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One, Two, Three, Four, Can a Columbia Movement Rise Once More?

Chris Kulawik, 20, junior, president of the College Republicans  

The left should thank Kulawik. He had awakened the ghost of activism. Lillian Udell, the freshman from Long Island, was in the back of the hall that night, wanting to hear the speech, uncertain about the rightness of rushing the stage. In the weeks that followed, she felt energized.

“I was glad the whole thing happened,” Lillian says. “Something about Minuteman felt different. I thought, This is what the sixties felt like. There was an incendiary spark to it. It refocused media attention on the campus. And I thought we can use that advantageously, in terms of national and foreign policy.”

The incident also exposed what left-wing students saw as corporate hypocrisy on the university’s part. Two weeks before Minuteman, Columbia stopped plans for a speech on campus by Iran’s notorious president Mahmoud Ahmadinejad, citing security concerns and “logistics.” Ahmadinejad had been invited by the dean of the School of International and Public Affairs; at a time of international tension, the speech would undoubtedly have been important. Whose free speech counted? Bollinger’s critics said he had deferred to big donors out of concern for his legacy: Columbia’s planned campus in West Harlem. And now Columbia was standing up for the rights of a right-wing fringe group, the Minutemen—“a hate group—as identified by the Southern Poverty Law Center,” David Judd said on the front page of the Spectator.

Olivia Rosane, an aspiring writer from Seattle, was radicalized by the episode. “The protesters were instantly vilified, rather than the university saying, ‘What were you trying to do, what happened?’”

Two of those left-wingers became campus figures after Minuteman. David Judd engaged in sharp debates on the undergraduate-student magazine’s blog, Karina Garcia debated Nat Hentoff on campus and did a speaking tour in California. I heard Karina described as a revolutionary. She is a shy person, and I was careful when I asked her about her political education.

“You know, I don’t have any illusions anymore,” she told me. “[Minuteman] opened my eyes. I used to consider myself a Democrat, too. The only change that can be made in this country is through organizing masses of people. Not lobbying the Democrats and praying they will change their minds. The people will make the change. Not the politicians.”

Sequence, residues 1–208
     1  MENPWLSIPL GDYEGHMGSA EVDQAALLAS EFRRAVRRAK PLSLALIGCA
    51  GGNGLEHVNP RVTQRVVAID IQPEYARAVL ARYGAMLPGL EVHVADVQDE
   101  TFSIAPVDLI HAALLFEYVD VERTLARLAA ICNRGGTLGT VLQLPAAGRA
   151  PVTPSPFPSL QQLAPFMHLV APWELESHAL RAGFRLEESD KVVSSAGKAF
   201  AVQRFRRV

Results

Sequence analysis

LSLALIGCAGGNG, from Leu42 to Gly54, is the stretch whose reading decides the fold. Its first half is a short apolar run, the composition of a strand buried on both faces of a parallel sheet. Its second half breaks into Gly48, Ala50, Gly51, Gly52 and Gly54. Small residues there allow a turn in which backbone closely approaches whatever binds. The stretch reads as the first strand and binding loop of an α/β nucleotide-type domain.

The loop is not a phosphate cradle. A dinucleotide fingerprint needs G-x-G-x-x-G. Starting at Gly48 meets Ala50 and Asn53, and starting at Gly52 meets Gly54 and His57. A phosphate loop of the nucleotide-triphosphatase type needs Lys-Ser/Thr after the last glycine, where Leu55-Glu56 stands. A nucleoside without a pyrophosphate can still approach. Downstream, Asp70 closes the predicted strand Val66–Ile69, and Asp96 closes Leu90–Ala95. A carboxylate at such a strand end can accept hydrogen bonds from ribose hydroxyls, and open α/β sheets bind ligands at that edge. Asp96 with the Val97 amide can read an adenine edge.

When she got up to go, she had a girlish smile. “Fuck it, I am a radical. I’m just not crazy.”

Israel-Palestine is the great wound in Columbia student life. There are many Jewish students, and the pro-Israel contingent often seems the predominant political bloc. But the pro- Palestinian activists are a vocal minority. When a Jewish student impishly invited Saifedean Ammous, a Palestinian grad student whose grandparents lost their land to Israel, to a party celebrating Israel’s birth on May 15 last year, Saif went, in his kaffiyeh, and angry words were exchanged. For liberal Jewish kids, the criticisms of Israel are agonizing, and the debate over its role in American foreign policy has stymied the antiwar movement.

“Palestine is the undercurrent in every conversation between the two sides of the progressive movement,” says coalition member Jake Matilsky. “It is emotionally charged, and not addressed in a pragmatic fashion … We need to lock ourselves in a room, the two sides of the argument, and talk about justice and its practical applications to Palestine. But we need to do it in a way that does not frighten away the Jews.”

Here again, the right wing has been an important actor in campus politics. Three years ago, a pro-Israel group called the David Project made a film called Columbia Unbecoming, documenting instances in which Arab and Muslim professors apparently badgered Zionist students over their views. It became a cause for pro-Israel groups. “Reporters from the New York Sun were on a witch hunt on campus,” says Zach Wales, a pro-Palestinian grad student. “Joseph Massad [a Palestinian professor] had to outrun a reporter. If he sneezed, they knew how hard.”

There are two narratives about the David Project on campus. Pro-Israel students say that it was inevitable. “MEALAC [Middle East and Asian Languages and Cultures] was teaching students garbage,” says Andrew Avorn, formerly head of the Pro-Israel Progressives. “Those professors were saying things that were so untrue—it would be like if a physics professor gave you the wrong number for g [gravitational force].”

But left-wing and Arab students invariably describe it as a “witch hunt.” They saw professors intimidated. “Students were afraid. Professors were shown to be vulnerable,” says Sakib Khan. “[MEALAC] had a stifling effect on pro-Palestinian speech on campus.”

Columbia’s investigation of the case sought to balance the free-speech right of the professors against another right, that of students not to be intimidated. Arthur Eisenberg, a free-speech expert for the NYCLU, says the school deferred too much to an outside group that was trying to change Columbia’s curriculum. “The David Project crossed the line in ways that raised academic freedom concerns,” he says. “The Columbia academic committee that investigated the episode was insufficiently alert to that issue.”